Thursday, 4 February 2016

Kids Company scandal

Bernard Jenkin, chairman of the committee, presented the Public Administration and Public Affairs Committee report on the failure of Kids Company to the Commons this morning and answered questions on it. Mr Jenkin trod a delicate line between asserting his belief in maintaining the integrity of our system of government and direct criticism of ministers in the cabinet office. He did, though, imply disapproval of prime minister David Cameron's use of the disgraced charity for publicity. He also questioned the power and unaccountability of the Cabinet Office.

It was good to hear a Conservative standing up for the traditions of the British civil service as established by Northcote and Trevelyan under the direction of Liberal prime minister WE Gladstone in the nineteenth century. The report had confirmed that after the Department for Education had refused to continue funding the charity, the Cabinet Office had forced the diversion of funds from that Department's support for youth services in England to its own coffers and thence to Kids Company. Both auditors and other senior civil servants strongly advised against this. Ministers Matthew Hancock and Oliver Letwin had to sign a letter acknowledging this in authorising the payment.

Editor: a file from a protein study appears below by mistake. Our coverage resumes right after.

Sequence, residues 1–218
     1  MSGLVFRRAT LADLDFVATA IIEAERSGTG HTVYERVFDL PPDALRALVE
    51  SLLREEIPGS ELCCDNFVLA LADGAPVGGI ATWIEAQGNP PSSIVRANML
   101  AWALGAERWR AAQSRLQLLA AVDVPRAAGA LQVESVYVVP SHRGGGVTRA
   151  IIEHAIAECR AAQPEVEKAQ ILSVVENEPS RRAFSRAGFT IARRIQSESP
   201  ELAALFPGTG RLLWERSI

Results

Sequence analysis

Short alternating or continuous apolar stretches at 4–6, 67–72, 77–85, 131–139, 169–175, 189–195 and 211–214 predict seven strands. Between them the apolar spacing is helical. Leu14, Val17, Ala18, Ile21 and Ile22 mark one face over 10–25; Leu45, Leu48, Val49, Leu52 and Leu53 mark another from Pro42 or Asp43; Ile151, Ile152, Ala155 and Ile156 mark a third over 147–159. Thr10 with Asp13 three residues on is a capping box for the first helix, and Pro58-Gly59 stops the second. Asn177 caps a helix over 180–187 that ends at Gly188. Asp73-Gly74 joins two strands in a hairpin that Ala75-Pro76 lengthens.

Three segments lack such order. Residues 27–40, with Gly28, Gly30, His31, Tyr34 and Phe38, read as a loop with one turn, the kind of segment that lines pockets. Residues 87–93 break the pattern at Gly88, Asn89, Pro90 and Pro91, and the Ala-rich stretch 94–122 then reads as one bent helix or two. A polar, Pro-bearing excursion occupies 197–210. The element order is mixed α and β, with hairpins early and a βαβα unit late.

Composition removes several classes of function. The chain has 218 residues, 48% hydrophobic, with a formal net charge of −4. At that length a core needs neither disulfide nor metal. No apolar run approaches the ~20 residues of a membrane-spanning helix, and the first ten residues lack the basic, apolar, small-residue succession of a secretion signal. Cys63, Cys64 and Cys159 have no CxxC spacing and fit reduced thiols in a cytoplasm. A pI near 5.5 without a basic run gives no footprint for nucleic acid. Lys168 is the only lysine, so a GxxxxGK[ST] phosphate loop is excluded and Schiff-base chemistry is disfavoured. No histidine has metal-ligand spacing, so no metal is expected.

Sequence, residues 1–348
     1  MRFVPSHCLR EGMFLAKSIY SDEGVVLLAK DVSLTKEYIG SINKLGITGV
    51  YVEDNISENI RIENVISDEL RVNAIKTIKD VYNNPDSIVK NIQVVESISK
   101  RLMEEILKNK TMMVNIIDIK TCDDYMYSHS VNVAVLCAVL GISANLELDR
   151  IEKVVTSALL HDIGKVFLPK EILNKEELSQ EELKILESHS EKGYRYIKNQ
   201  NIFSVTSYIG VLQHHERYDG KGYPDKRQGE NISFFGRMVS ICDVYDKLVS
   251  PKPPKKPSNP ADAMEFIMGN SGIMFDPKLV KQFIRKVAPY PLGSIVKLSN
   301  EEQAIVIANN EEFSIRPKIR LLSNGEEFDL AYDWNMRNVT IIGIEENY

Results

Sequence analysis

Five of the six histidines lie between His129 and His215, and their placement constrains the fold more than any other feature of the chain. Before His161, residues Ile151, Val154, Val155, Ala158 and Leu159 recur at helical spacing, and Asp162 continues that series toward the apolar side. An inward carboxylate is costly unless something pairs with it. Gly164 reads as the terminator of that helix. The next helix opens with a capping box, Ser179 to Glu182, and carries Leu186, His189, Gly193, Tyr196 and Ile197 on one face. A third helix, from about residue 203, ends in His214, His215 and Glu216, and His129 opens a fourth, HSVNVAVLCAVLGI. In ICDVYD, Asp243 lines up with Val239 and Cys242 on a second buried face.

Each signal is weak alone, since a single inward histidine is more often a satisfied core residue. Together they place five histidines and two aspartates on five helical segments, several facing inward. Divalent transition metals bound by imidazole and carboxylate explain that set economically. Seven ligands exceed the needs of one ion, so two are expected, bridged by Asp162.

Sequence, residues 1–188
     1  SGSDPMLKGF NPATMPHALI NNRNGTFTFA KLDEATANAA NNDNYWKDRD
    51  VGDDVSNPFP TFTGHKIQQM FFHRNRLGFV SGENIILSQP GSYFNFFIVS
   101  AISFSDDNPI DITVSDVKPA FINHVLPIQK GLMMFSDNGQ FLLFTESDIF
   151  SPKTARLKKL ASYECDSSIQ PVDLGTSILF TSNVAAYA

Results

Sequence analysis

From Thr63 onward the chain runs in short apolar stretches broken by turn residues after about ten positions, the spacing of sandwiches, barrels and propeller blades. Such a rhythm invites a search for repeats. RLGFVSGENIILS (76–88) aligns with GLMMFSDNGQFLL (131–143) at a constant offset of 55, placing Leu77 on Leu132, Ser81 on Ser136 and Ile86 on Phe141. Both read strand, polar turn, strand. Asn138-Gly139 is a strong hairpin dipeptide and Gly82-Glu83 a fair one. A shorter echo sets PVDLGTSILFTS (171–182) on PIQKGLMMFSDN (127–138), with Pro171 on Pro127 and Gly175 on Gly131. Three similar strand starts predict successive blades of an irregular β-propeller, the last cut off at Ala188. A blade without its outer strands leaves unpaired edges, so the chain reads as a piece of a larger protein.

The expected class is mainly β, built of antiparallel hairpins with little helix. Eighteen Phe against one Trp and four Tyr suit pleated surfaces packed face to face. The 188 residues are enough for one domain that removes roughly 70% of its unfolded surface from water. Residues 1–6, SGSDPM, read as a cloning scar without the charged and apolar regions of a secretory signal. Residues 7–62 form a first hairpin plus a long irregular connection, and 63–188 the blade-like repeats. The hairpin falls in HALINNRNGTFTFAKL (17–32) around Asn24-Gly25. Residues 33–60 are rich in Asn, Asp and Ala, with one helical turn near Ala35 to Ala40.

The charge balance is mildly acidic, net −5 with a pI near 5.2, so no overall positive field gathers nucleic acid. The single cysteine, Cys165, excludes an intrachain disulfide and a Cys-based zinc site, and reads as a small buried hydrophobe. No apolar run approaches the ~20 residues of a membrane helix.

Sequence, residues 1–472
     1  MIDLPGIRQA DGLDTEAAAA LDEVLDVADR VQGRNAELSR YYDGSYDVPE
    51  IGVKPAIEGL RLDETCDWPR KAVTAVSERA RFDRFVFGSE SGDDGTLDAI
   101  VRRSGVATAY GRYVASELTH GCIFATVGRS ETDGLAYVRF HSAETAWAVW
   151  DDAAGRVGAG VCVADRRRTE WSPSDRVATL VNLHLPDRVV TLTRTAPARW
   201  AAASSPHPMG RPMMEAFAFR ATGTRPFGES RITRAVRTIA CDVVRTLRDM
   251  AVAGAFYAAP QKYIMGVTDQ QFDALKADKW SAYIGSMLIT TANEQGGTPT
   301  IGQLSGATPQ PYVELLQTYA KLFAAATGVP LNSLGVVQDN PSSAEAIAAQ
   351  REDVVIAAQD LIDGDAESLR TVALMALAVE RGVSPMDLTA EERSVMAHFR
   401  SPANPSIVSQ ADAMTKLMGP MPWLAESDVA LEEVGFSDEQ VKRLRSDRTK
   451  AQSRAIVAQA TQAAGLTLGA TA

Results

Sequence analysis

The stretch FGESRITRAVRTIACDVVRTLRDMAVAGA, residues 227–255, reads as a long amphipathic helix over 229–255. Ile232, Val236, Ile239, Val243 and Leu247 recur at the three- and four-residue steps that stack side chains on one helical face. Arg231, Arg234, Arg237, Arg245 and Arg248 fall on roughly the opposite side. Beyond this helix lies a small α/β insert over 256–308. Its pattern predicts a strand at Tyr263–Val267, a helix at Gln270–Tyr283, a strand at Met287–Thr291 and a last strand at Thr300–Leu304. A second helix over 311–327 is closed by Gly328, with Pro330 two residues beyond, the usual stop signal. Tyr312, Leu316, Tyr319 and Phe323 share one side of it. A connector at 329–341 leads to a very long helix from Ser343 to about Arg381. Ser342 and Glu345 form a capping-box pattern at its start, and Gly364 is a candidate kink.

This was the most egregious example yet of government decision based on pressure from headline-hogging pressure groups and anticipation on how ministers could be presented in the media, rather than on hard evidence and advice from knowledgeable and impartial civil servants. As a result, millions of pounds of our money have been wasted.

There was praise for the all-too-few journalists and an editor who were not swept up in the Yentob and Batmanghelidjh spin machine. There was criticism of those who were aware of the charity's shortcomings but neither went public nor had a quiet word with trustees or charity commission about them. The trustees themselves are not blameless, but the committee found them to be ill-equipped to judge on how well the charity was meeting its aims. The committee called for stricter standards on the appointment of trustees.

Will it happen again? Mr Jenkin was pessimistic but trusted that there would be improvements. I wonder how seriously the government will seek these. Both Conservative and Labour politicians have interests in maintaining the system as is.

Footnote: it has just been reported that charity Age UK received commission from the utility company concerned for steering old people into schemes like this. Not only did they not disclose this to the people concerned, but also failed to warn them back in 2014 that prices can go down as well as up - which they duly did, leaving their pensioners worse off.

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